Opening Lines

Reminder: Comment for a chance to win in Sunday’s giveaway (details to the right). Up this week: a critique of your first chapter–any genre, plus a great new book journal.

Have you ever bought/read a book based only on its great opening lines? Opening lines are critical. I have tossed many back on the shelf because of a bad opening. I figure if the author can’t nail the opening paragraph, the rest of it will tank as well.

Here’s a book I bought based only on the opening graph: Jonathan Barnes’ The Somnambulist:

“Be warned. This book has no literary merit whatsoever. It is a lurid piece of nonsense, convoluted, implausible, peopled by unconvincing characters, written in drearily pedestrian prose, frequently ridiculous and wilfully bizarre. Needless to say, I doubt you’ll believe a word of it.”

It might be one of my favorite opening paragraphs of all time. Is it one of my favorite books of all time? No!

It was entertaining, unusual, even bizarre. I hated the ending. I didn’t finish it with a sense of profound loss and an urge to start over, as I do with the books I really love. But it convinced me to buy an unknown book by an unknown author and read it. In hardback, no less.

So, I’m fearful of opening lines in my own work. But here they are, anyway. The first was probably rewritten a hundred times. The second and third will most assuredly change, because they’ve only been rewritten a half-dozen times so far.

ROYAL STREET:
A secluded Louisiana bayou. A sexy pirate. Seduction and deceit. My Friday afternoon had the makings of a great romantic adventure, at least in theory.
In practice, angry mosquitoes were using me for target practice, humidity had ruined any prayer of a good hair day, and the pirate in question―the infamous Jean Lafitte―was two-hundred years old, armed, and carrying a six-pack of Paradise condoms in assorted fruit flavors.

RIVER ROAD:
Jean Lafitte looked really good for a dead guy. He draped his six-foot-two-inch frame across an armchair in his luxury French Quarter suite and waited for me to start my spiel, a ghost of a smile playing on his lips.

STOCKHOLM:
Galen Murphy drilled a foot on the brake, shaken by the mental S.O.S. screaming through his head. His tires squealed on the wet, dark road as the car spun and came to an abrupt stop nose-first in a shallow ditch.
Something had happened to Mark.

So, what are the opening lines of the best book you read recently?

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About Suzanne Johnson

Author of urban fantasy, paranormal romance, and suspense. As Suzanne Johnson, she is the author of the Sentinels of New Orleans urban fantasy series (Royal Street; River Road: Elysian Fields, Pirate’s Alley, Belle Chasse, Frenchmen Street (March 2018). Writing as Susannah Sandlin, she is the author of the Penton Legacy series (Redemption; Absolution; Omega; Storm Force; Allegiance; ILLUMINATION); The Collectors series (Lovely, Dark, and Deep; Deadly, Calm, and Cold); and the Wilds of the Bayou series (Wild Man’s Curse; Black Diamond).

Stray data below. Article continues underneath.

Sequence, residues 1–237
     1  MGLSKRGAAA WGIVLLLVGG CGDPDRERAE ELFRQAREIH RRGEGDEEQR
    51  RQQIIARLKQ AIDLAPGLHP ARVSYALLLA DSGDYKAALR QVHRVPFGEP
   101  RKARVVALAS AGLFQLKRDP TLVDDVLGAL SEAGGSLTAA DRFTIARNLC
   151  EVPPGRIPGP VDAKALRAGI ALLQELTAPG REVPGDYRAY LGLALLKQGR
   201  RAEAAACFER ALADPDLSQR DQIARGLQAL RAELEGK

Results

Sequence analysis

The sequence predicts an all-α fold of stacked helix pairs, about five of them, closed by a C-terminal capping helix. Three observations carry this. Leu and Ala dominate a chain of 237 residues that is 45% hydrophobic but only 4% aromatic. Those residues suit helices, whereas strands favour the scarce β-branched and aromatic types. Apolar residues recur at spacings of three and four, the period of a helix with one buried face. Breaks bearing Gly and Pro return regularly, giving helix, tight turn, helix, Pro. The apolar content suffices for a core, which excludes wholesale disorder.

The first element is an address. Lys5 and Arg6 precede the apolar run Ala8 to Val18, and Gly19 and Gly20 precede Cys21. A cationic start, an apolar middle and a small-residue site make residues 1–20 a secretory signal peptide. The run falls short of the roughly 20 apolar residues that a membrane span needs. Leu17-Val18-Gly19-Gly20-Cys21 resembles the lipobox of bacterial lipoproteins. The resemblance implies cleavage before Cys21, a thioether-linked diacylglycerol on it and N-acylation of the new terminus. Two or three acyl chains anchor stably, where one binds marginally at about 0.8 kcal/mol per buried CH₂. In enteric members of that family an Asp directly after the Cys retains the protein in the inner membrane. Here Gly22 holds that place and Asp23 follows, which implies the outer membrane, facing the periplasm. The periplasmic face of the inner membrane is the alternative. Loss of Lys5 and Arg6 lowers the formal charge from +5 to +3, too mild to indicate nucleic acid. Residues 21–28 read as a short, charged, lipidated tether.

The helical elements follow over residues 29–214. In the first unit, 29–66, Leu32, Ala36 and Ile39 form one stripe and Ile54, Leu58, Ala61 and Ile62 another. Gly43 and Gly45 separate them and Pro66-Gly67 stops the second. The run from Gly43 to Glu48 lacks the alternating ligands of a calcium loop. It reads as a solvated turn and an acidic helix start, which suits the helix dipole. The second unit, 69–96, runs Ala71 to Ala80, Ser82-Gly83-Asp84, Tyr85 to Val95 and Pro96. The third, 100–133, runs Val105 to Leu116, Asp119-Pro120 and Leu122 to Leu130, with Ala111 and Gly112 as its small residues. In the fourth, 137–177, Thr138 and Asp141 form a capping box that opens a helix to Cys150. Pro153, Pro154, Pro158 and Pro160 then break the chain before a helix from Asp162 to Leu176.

5 thoughts on “Opening Lines

  1. I really liked your Royal Street opening! I think one of the best opening paragraphs was in Mystic River:

    When Sean Devine and Jimmy Marcus were kids, their fathers worked together at the Coleman Candy plant and carried the stench of warm chocolate back home with them. It became a permanent character of their clothes, the beds they slept in, the vinyl backs of their car seats. Sean’s kitchen smelled like a Fudgsicle, his bathroom like a Coleman Chew-Chew bar. By the time they were eleven, Sean and Jimmy had developed a hatred of sweets so total that they took their coffee black for the rest of their lives and never ate dessert.

    Fun topic!

    Kathy Teel
    (from your Writing and Publishing Yahoo group)

  2. One opening line that I really like is from Outlander: It wasn’t a very likely place for disappearances, at least at first glance.

    Great topic!

    ~Nicole

  3. Oh, foo! I had a great comment, but had to switch browsers and lost it.

    Hi, Suzanne,

    You’re right, that was a shameless plug! Of course, don’t we all need them? 🙂

    I’m posting this in part because you’ve already seen my first chapter, but it’s changed – three pages shorter for one thing – and I figured this might be the only way to get another shot from you at it…. (grin)

    Hope to hear from you soon!

  4. This is a great topic. I have bought books based solely on their first lines. And I’ve often been disappointed when those books don’t fulfill the promise of the first line. I haven’t read any of your books yet, but since you’ve posted this blog, I can only assume that you understand how important first lines are. So your books probably fulfill the promise of your first lines. I’m eager to find out.

    Pepper

  5. Ah, if only I were a book keeper! I seem to recall the opening of Soulless was wonderful, but it’s out of the house by now…

    But I like this one…

    In the movies there as always a warning before something bad happened. Music swelled, the good guy promised everything would be fine now or the camera suddenly went into slow motion.
    Life wasn’t so tidy.

    From Susan Mallery’s Straight From the Hip… I think it sounds interesting!

    Maureen